How to convert JSON data into a table

JSON is a powerful file format based on Javascript object syntax that can store a wealth of complex information that’s waiting to be extracted. Luckily, our ImportJSON tool makes this intricate process much simpler, giving you access to an abundance of API data that may otherwise go untapped. 

One of the main difficulties of working with this kind of data is the complicated tree formatting of JSON that can be confusing to manipulate. This is exactly why ImportJSON scrapes JSON data into a table in GoogleSheets, making your approach to the information digestible.

Read along to learn exactly how to get data from JSON into a table or spreadsheet using this simple process. 

Retrieving JSON data into a table in GoogleSheets

So you’d like to get a set of data from JSON and analyze it in a comprehensible table? The first step is to get yourself setup with our ImportJSON Google sheets add-on, which is as simple as getting the add-on in your GoogleSheets.

Here’s the 2-minute process:

  1. Simply, install the add-on into your Google Sheets from the Google Workspace Marketplace
  2. From there, open a new spreadsheet and activate the add-on from the menu Extensions
  3. Within the tool, you’ll have access to guidance that can give you further insights into how to leverage the tool within your web data 

From there, you’re fully ready to access powerful JSON data to enrich your work with information. Now, let’s talk about how you get data from JSON into a table within GoogleSheets using this tool.

How to extract JSON data into a digestible table

The first thing to note about JSON data is that there are a number of places where it can be found. And we’d like to address how to approach each one here. 

From an API (aka url)

This is so simple that it will literally blow your mind. Once you have the ImportJSON add-on activated in your GoogleSheets, all you need to do is add a URL to a cell within your spreadsheet, then input the cell name into the function:

=IMPORTJSON(A1)

Hit enter and watch as the tool instantly pulls the information directly into an intelligible table format – rather than a complicated tree of information. 

From a JSON file saved in Google Drive

If you have a specific file that you’d like to extract from, add it to your GoogleDrive. It doesn’t matter what file extension it has – but it is important that it contains a valid JSON object.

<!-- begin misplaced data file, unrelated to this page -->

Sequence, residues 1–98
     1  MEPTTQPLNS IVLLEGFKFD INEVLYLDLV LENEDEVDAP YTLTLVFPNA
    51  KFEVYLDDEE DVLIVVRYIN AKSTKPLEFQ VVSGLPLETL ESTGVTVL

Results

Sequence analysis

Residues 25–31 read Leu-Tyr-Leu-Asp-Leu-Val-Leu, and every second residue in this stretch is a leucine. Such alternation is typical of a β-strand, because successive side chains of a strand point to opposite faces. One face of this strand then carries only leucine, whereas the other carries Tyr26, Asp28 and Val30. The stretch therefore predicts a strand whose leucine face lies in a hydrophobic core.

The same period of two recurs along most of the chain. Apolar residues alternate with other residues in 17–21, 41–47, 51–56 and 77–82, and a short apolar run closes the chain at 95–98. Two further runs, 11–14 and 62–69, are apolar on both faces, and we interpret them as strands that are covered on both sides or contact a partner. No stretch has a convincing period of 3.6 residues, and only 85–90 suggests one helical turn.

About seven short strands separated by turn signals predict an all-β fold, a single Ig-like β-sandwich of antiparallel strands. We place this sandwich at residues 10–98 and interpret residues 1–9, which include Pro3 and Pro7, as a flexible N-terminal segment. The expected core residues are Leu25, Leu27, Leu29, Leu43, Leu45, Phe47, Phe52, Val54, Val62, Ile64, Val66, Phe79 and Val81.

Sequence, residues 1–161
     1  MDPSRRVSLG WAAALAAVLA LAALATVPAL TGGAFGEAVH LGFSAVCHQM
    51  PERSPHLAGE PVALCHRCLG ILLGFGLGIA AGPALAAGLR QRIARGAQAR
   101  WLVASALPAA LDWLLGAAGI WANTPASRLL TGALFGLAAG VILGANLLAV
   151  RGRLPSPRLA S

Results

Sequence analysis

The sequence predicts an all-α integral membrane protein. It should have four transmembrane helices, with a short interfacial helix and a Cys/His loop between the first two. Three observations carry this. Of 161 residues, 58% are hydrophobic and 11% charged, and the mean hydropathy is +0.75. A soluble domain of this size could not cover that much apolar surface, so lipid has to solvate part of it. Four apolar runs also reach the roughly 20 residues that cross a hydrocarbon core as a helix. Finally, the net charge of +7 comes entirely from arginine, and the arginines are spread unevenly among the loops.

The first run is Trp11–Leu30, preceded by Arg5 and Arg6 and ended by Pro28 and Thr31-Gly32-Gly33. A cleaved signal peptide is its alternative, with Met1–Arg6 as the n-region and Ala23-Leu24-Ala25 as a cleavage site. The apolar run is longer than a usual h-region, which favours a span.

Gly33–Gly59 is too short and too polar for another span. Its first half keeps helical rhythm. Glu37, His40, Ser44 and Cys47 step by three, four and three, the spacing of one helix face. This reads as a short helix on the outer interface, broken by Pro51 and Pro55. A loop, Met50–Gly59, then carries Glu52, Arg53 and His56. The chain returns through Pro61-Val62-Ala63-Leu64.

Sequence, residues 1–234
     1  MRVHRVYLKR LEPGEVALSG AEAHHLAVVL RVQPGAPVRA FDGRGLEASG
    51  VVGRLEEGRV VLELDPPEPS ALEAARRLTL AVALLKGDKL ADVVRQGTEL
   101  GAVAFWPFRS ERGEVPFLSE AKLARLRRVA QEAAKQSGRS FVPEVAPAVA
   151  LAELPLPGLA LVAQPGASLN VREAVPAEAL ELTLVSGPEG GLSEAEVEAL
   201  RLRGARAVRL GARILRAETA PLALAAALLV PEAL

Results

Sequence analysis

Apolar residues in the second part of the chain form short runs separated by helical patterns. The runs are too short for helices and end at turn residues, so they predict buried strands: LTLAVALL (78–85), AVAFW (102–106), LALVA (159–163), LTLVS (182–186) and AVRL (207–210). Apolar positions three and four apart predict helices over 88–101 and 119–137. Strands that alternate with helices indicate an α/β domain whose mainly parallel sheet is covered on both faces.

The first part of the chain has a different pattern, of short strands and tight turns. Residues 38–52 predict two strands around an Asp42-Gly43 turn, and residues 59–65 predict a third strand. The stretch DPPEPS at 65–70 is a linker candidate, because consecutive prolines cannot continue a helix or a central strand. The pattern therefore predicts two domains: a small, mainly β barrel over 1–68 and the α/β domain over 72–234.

Make sure the file is shareable in your drive settings, then copy only the ID section of the document’s link (tip: this means the part that comes after /d).

Paste the ID into a cell in your spreadsheet, then input the cell name into the function, as we did previously:

=IMPORTJSON(A1)

The data will instantly appear, ready for you to manipulate in a table format.

From a text in a cell

Are we starting to see a pattern? Yes, ImportJSON is a really easy tool to use for taking information from JSON and putting it into a table or spreadsheet. Including if you want to parse your JSON directly from Google Sheets!

=IMPORTJSON("{'prefix':'roller','dict':'0','res':{'sug':['roller','roller quad','rollerblade','roller fender','rollers','rollerball','rollergames nes','roller enfant','roller fille','roller skating'],'categories':[[115180,'Articles de skate, de roller et de trottinette'],[7278,'Stylos haut de gamme']]},'savedser':{}}")

From a cURL

While more and more APIs are being made accessible with just a URL, using a cURL format enables you to access the complex requests that require more information. And ImportJSON – you guessed it – makes this simple for you. In fact, no technical knowledge is required. 

Like always, just copy and paste the cURL request into a cell and add this cell name into our trusty function:

=IMPORTJSON(A1)

ImportJSON will process all of this information for you in seconds so that you can focus on getting the information you need rather than wasting time on logistics.

Filtering your JSON data to get even more out of it

As previously stated, JSON data can be represented like a tree of information. However, spreadsheets are two dimensional. That’s why ImportJSON is designed to retrieve this data and flatten out the branches of the tree so that the information exists on the same plane.

This means that you might end up with some unnecessary information in the process. To ensure that you’re only getting what you need, you can also use filters within your formulas to save you from sifting through the whole table.

This will look something like:

=IMPORTJSON(A1,filter)

If you want to apply more than one filter, separate each with a comma and hit enter. Then marvel at all of the information that matters to you. 

Making this data mining technique more useful for you

If you’re not sure how this function will be useful to you, we’re happy to inform you that there’s a huge amount of public APIs that hold a wealth of information within a number of fields. And with ImportJSON, you can have access to them at a moment’s notice. 

So no matter what industry you work in, this tool can help you enrich your work with relevant and public online data. Here’s a really helpful resource that will help you discover what kind of information is available to you. You can also check out this post where we take a deeper look at how we can utilize information within APIs. 

Has this inspired you to start tapping JSON data with the ImportJSON tool? We’re always looking for ways to help our customers successfully use our products, so please let us know if you have any remaining questions or concerns!